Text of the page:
Otto Marseus van Schrieck (ca. 1619, Nijmegen buried June 22, 1678, Amsterdam) was a painter in the Dutch Golden Age.
Marseus van Schrieck spent the years 1648-165in Rome and Florence with the painters Matthias Withoos and Willem van Aelst, after which he settled in Amsterdam. He is best known for his paintings of forest flora and fauna. In Arnold Houbraken's biography of him, he mentions that he joined the Bentvueghels in Rome and was called the snuffelaer, or 'sniffer', because he was always sniffing strange lizards and snakes. He quotes his wife, who apparently survived him by two husbands and was still alive when he wrote the book. He wrote that she said that Otto kept snakes and lizards in a shed at the back of his house, and also on a piece of land outside the city that was walled in for this purpose. Works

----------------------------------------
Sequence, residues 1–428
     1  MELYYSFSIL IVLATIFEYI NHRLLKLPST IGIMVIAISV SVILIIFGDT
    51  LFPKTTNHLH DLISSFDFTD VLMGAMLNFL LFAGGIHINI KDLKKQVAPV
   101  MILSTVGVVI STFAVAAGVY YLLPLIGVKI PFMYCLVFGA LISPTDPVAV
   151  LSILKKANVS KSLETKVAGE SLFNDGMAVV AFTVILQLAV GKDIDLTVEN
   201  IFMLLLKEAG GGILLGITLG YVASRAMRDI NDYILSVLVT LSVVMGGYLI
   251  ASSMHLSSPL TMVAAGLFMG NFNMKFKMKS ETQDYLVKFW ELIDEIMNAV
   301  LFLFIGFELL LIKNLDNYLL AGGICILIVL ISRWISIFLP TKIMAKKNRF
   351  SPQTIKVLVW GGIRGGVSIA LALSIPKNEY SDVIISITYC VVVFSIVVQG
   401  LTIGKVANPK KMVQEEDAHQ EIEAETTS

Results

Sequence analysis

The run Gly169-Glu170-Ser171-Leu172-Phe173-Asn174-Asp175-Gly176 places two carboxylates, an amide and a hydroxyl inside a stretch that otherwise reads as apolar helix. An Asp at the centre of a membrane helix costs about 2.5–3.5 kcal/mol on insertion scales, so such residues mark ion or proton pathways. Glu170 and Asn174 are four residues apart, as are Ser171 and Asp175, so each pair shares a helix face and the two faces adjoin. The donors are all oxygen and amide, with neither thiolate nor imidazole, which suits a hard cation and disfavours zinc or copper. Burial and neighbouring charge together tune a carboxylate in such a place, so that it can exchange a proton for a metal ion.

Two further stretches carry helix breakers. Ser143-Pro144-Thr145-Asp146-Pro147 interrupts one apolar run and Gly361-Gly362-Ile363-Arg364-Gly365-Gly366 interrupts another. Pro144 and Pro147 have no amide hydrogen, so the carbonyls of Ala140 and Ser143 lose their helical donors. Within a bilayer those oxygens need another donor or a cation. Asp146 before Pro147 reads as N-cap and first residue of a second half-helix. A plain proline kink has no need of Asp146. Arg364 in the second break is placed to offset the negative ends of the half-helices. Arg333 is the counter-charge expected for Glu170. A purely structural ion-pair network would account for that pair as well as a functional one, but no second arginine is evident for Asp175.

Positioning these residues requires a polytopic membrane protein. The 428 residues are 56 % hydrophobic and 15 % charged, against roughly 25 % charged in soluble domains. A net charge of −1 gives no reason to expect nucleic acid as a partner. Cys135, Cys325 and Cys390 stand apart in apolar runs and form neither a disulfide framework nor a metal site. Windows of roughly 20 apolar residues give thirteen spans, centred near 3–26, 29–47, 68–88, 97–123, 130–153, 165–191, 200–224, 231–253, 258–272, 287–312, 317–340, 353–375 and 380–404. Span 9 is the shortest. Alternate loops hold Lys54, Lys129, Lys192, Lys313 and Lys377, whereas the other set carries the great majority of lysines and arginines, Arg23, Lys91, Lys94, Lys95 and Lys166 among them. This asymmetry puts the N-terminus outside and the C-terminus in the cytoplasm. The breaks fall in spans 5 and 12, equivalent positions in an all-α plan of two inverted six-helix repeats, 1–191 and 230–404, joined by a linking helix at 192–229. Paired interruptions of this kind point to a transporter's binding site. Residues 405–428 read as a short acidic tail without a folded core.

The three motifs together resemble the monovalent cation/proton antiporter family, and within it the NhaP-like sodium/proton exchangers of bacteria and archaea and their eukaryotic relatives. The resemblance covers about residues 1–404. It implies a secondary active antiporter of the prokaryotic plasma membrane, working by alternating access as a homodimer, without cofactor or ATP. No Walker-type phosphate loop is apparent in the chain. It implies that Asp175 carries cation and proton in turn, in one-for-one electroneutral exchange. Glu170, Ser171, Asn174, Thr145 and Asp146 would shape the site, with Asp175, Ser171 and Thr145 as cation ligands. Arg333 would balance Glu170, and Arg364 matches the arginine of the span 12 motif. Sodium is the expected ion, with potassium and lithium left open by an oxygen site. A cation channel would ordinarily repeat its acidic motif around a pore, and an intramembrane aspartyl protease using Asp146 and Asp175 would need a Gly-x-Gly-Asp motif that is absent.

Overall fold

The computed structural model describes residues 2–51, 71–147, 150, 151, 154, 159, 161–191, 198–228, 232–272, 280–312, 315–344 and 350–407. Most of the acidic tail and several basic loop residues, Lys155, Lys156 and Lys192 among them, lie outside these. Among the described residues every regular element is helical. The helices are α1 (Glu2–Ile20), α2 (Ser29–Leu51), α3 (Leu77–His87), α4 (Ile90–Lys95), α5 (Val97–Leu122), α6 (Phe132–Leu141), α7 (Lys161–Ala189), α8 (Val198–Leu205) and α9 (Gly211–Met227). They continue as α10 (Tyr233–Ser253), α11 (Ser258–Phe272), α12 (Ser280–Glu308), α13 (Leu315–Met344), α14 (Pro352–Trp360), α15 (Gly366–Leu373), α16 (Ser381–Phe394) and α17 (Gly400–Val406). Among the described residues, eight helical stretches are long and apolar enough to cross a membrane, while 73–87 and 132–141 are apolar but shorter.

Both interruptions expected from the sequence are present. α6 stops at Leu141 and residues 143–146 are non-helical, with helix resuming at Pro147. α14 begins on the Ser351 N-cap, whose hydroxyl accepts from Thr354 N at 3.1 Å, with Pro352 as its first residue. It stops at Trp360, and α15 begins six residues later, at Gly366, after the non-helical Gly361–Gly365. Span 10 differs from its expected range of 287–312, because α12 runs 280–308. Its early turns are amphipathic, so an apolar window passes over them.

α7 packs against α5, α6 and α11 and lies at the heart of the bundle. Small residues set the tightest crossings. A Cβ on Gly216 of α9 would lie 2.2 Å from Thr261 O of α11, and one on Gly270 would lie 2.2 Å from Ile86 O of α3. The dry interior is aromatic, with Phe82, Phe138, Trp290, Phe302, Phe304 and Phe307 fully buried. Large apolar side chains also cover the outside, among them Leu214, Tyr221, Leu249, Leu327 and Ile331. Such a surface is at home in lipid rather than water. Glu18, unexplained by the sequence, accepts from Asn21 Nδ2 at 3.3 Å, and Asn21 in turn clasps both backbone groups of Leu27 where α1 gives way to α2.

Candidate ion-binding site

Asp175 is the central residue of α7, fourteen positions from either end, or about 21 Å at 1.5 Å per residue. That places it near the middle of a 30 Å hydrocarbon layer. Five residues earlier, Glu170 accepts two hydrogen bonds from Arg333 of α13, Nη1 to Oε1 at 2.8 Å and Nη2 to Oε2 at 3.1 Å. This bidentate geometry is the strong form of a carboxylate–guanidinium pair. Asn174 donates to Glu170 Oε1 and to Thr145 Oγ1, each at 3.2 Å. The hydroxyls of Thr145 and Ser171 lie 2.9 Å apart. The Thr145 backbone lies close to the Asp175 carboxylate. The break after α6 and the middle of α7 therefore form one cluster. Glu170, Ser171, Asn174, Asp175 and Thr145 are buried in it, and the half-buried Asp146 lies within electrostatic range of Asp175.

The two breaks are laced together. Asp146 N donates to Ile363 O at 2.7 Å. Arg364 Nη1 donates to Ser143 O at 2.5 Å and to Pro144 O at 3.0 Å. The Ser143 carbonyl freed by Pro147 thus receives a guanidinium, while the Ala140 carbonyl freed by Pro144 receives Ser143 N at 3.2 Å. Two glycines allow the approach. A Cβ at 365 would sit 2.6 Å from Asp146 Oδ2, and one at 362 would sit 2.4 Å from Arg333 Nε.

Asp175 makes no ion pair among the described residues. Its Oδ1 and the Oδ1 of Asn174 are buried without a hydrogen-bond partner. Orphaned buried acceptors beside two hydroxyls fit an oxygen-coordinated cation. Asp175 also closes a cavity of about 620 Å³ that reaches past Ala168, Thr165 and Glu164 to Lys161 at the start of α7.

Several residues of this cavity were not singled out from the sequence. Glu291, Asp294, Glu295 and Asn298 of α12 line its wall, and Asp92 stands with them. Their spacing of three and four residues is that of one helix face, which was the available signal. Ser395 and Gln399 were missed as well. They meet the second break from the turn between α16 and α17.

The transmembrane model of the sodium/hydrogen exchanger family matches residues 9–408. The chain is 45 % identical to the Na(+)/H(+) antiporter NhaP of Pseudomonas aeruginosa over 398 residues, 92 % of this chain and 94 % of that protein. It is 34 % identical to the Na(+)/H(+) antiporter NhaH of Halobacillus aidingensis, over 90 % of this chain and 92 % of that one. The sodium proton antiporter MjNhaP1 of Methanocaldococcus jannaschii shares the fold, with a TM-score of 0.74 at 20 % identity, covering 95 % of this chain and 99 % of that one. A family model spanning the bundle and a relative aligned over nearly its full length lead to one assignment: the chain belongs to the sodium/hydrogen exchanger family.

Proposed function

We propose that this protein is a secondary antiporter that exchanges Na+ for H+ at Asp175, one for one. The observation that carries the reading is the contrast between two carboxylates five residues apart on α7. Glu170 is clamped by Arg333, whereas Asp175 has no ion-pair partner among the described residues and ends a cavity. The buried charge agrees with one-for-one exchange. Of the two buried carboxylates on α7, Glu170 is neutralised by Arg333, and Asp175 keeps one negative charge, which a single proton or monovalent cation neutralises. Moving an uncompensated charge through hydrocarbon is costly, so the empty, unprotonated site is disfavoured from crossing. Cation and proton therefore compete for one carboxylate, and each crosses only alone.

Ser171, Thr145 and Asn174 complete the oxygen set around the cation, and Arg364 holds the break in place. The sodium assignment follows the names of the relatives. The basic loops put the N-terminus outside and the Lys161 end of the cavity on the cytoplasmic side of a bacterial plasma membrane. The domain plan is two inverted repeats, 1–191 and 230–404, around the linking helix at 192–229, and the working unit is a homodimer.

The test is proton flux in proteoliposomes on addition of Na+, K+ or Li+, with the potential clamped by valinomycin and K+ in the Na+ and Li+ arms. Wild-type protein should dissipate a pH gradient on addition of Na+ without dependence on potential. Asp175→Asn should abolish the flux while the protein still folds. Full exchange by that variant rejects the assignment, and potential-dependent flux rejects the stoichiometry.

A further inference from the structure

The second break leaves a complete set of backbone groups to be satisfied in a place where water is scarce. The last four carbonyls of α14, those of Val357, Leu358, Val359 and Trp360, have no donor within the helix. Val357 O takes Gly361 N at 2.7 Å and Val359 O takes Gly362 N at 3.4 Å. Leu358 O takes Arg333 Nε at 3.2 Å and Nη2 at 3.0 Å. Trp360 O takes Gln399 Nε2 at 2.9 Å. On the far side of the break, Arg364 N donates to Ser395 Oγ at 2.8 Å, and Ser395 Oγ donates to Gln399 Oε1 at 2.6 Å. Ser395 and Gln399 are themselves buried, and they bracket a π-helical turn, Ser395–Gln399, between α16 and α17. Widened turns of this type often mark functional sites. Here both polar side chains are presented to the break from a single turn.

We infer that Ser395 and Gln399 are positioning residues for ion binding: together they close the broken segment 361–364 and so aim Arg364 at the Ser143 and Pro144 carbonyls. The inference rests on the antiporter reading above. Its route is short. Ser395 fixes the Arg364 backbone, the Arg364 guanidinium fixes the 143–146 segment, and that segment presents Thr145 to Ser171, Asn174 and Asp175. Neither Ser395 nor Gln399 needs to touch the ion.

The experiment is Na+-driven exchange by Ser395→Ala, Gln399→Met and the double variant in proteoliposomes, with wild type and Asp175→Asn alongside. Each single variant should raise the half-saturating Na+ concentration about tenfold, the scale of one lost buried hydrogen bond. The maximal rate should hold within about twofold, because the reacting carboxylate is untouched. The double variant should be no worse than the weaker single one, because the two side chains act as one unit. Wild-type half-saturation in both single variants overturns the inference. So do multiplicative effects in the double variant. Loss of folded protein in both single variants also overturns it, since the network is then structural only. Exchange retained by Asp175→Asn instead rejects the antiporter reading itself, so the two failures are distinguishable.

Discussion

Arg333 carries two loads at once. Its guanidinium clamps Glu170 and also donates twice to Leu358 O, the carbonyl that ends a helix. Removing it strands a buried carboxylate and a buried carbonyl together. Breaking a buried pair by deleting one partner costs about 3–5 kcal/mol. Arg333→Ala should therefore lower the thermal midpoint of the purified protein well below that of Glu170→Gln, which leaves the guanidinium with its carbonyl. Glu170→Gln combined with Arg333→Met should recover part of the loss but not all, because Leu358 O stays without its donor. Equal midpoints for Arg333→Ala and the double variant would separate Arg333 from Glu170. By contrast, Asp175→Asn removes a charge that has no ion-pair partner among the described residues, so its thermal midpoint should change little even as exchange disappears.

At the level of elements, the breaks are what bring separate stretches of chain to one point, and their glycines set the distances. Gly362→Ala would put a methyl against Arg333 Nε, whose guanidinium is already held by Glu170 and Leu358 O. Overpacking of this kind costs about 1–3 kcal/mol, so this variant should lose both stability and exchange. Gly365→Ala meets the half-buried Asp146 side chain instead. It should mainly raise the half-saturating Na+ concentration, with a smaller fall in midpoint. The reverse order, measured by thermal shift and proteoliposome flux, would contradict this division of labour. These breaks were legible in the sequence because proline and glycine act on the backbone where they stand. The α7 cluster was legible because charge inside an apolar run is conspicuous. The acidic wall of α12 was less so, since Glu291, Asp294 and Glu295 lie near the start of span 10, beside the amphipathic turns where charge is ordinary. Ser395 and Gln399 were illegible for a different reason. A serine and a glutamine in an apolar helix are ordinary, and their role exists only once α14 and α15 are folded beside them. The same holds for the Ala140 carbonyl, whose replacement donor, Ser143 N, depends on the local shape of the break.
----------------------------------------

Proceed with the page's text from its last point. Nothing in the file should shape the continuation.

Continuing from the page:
Many of his paintings are dark studies of plants, often with lizards at the base and insects on the leaves and branches. According to the RKD, his followers were Willem van Aelst, Anthonie van Borssom, Elias van den Broeck (1649-1708), J Falk, Carl Wilhelm de Hamilton, Trajan Hughes, Nicolaes Lachtropius (1656-1700), Jacob Marrel, Abraham Mignon, Rachel Ruysch, Christiaen Striep, Isac Vromans, Matthias Withoos, and Pieter Withoos. A notable omission in this list is the daughter and sister of the last two mentioned, Alida Withoos, who collaborated with him on creating paintings of the garden of Vijverhof for Agnes Block's collection of garden albums.